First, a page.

The most important bit of information exchanged during call setup is the call ID. This is the ID used by the client and server to send and receive data along that particular call. Once a call is set up data can then be sent to the GRE part of the PPTP connection using the call ID to identify the virtual call connection it belongs to.

The Test Case

After reducing the test case, we can see that at a high level the control message exchanges that cause the server to crash are as follows:

StartControlConnectionRequest() Client -> Server
StartControlConnectionReply() Server -> Client
IncomingCallRequest() Client -> Server
IncomingCallReply() Server -> Client
IncomingCallConnected() Client -> Server
IncomingCallConnected() Client -> Server

The test case appears to initially be very simple and actually mostly resembles what we would expect for a valid PPTP connection. The difference is the second IncomingCallConnected message. For some reason, upon receiving an IncomingCallConnected control message for a call ID that is already connected, a null pointer dereference is triggered causing a system crash to occur.

Let’s look at the crash and see if we can see why this relatively simple error causes such a large issue.

The Crash

Looking at the stack trace for the crash we get the following:

... <- (Windows Bug check handling)
... <- (TCP/IP Handling)

What’s interesting here is that we can see that the crash does not not take place in the raspptp.sys driver at all, but instead occurs in the ndis.sys driver. What is ndis.sys? Well, raspptp.sys in what is referred to as a mini-port driver, which means that it only actually implements a small part of the functionality required to implement an entire VPN interface and the rest of the VPN handling is actually performed by the NDIS driver system. raspptp.sys acts as a front end parser for PPTP which then forwards on the encapsulated virtual network frames to NDIS to be routed and handled by the rest of the Windows VPN back-end.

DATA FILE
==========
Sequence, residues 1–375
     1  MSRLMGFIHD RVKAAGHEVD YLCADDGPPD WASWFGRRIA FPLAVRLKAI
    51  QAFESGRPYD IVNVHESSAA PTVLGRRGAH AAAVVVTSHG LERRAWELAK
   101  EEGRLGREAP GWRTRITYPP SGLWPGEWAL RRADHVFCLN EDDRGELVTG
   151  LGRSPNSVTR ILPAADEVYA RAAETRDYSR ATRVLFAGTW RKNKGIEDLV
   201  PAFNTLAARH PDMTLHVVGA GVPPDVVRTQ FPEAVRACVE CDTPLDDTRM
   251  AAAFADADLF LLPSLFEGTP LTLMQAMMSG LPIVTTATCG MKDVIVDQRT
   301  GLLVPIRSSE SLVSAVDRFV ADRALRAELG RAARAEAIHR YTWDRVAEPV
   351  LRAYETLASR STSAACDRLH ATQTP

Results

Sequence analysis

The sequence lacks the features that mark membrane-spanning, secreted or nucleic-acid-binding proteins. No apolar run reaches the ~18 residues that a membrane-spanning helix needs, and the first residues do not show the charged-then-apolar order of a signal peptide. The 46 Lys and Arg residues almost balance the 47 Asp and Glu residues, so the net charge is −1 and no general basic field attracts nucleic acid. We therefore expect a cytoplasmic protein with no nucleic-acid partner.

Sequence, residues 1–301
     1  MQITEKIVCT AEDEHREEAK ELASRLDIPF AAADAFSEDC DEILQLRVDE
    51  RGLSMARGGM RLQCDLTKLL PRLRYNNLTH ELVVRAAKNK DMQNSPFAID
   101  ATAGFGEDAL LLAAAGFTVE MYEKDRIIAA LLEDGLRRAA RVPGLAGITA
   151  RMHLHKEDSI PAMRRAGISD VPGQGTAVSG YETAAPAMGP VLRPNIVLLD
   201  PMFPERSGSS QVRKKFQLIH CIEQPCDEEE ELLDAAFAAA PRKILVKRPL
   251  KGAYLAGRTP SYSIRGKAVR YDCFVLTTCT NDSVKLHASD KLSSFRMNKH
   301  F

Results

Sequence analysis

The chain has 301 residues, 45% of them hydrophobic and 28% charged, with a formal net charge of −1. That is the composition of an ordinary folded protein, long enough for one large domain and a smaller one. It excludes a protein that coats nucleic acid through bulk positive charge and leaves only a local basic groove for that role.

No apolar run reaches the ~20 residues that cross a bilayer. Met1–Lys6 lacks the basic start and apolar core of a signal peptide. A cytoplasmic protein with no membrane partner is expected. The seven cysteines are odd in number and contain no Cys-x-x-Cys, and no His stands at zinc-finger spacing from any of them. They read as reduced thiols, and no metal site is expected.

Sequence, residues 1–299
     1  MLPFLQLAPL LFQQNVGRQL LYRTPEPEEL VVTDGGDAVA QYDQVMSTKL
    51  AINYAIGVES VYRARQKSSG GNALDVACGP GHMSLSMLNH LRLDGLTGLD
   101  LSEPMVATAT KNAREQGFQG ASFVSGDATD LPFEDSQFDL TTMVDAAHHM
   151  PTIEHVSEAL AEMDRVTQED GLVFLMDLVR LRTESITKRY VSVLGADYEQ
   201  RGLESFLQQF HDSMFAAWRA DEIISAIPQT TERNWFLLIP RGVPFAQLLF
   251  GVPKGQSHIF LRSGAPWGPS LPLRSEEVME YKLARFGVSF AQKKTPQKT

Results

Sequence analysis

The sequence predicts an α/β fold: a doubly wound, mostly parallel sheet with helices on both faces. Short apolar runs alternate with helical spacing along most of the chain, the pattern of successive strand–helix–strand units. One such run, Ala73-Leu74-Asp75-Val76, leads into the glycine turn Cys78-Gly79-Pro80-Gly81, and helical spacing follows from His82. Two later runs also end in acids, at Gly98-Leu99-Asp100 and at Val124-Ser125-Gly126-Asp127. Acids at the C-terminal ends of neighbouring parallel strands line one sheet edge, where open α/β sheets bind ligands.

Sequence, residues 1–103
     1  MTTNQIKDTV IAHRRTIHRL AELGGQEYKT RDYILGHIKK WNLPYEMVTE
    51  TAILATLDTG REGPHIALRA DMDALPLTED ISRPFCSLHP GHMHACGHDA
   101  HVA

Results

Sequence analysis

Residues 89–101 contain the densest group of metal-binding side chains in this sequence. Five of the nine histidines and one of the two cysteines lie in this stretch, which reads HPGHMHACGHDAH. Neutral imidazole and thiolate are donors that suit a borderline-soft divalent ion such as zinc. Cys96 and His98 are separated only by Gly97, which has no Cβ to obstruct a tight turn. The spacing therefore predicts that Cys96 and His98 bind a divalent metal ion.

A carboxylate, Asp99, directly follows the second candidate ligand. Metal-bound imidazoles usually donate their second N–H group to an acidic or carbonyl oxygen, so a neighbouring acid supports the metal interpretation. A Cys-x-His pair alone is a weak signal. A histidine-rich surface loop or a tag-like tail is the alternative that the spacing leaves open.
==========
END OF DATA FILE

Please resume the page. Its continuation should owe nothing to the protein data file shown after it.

So why is this null pointer dereference happening? Let’s look at the code to see if we can glean any more detail.

The Code

The first section of code is in the PPTP control connection state machine. The first part of this handling is a small stub in a switch statement for handling the different control messages. For an IncomingCallConnected message, we can see that all the code initially does is check that a valid call ID and context structure exists on the server. If they do exist, a call is made to the CallEventCallInConnect function with the message payload and the call context structure.

case IncomingCallConnected:
    // Ensure the client has sent a valid StartControlConnectionRequest message
    if ( lpPptpCtlCx->CtlCurrentState == CtlStateWaitStop )
        // BigEndian To LittleEndian Conversion
        CallIdSentInReply = (unsigned __int16)__ROR2__(lpCtlPayloadBuffer->IncomingCallConnected.PeersCallId, 8);
        if ( PptpClientSide ) // If we are the client
            CallIdSentInReply &= 0x3FFFu; // Maximum ID mask
            // Get the context structure for this call ID if it exists
            IncomingCallCallCtx = CallGetCall(lpPptpCtlCx->pPptpAdapterCtx, CallIdSentInReply);
            // Handle the incoming call connected event
            if ( IncomingCallCallCtx )
                CallEventCallInConnect(IncomingCallCallCtx, lpCtlPayloadBuffer);

The CallEventCallInConnect function performs two tasks; it activates the virtual call connection through a call to NdisMCmActivateVc and then if the returned status from that function is not STATUS_PENDING it calls the PptpCmActivateVcComplete function.

__int64 __fastcall CallEventCallInConnect(CtlCall *IncomingCallCallCtx, CtlMsgStructs *IncomingCallMsg)